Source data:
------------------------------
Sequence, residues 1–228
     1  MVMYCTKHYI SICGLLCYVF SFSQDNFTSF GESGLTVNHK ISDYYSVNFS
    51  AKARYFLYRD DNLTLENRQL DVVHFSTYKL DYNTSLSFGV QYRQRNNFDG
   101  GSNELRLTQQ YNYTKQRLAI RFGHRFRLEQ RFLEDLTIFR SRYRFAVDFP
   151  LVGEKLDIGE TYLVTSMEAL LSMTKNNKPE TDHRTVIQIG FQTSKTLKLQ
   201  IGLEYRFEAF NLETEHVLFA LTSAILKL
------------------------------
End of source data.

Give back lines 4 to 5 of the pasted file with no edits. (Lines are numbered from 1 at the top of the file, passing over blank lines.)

   101  GSNELRLTQQ YNYTKQRLAI RFGHRFRLEQ RFLEDLTIFR SRYRFAVDFP
   151  LVGEKLDIGE TYLVTSMEAL LSMTKNNKPE TDHRTVIQIG FQTSKTLKLQ